Welcome to the Community Archives of Belleville and Hastings County

The Community Archives of Belleville and Hastings County preserves the history of our community through the records of local governments, individuals, families, businesses and organizations. Find us in the Belleville Public Library building at 254 Pinnacle Street, Belleville, Ontario. Call us at 613-967-3304.

The archives is open Monday to Thursday, 9.30am to 12pm and 1pm to 4pm and on Friday and Saturday by appointment.

Archives News

Belleville in World War I

Follow the citizens of Belleville and Hastings County as they face the challenges of the home front during the First World War through excerpts from The Daily Intelligencer, August 1914 to November 1918.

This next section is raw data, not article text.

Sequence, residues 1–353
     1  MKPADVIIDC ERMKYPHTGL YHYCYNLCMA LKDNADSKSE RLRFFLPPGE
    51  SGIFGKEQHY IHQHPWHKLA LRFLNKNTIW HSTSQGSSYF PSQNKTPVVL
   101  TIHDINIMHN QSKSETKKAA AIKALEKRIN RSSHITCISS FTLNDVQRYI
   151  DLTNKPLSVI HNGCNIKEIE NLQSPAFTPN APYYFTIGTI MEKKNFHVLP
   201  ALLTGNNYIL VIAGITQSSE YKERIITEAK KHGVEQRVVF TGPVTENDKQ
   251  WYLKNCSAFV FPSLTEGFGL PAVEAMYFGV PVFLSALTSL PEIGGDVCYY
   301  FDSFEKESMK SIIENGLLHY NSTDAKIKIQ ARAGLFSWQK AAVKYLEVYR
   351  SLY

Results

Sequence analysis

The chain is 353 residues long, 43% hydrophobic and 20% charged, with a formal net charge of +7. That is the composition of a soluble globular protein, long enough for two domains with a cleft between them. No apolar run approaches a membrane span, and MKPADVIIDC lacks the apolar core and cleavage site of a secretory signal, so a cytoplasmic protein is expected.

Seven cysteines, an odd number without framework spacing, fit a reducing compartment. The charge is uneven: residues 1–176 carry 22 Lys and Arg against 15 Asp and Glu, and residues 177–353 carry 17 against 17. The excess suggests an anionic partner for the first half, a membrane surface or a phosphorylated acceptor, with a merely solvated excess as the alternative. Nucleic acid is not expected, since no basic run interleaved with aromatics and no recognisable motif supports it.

100 Years Ago: Poster for Boys for Farm Work, Soldiers of the Soil, Appeal to Ontario Farmers, Patriotic Tea at Belleville Club

The Intelligencer March 18, 1918 (page 2)

“Can’t You Hear Them Calling—Boys? The Soldiers of the Soil need 15,000 of you in Ontario to swell their ranks and produce food for your brother soldiers overseas. Starvation and defeat face the Allies unless more food is sent from Canada this year.

Boys, this is your grand opportunity to do your bit. You’re too young to serve in the trenches, but you can do something big—self-sacrificing—on the farm. For 3 months’ service on the farm, a Bronze Badge of Honour will be awarded. Make up your mind to win one.

Join Up! Join Up! Your Country’s Calling You! Canada Food Board, Ottawa.”

The Intelligencer March 18, 1918 (page 4)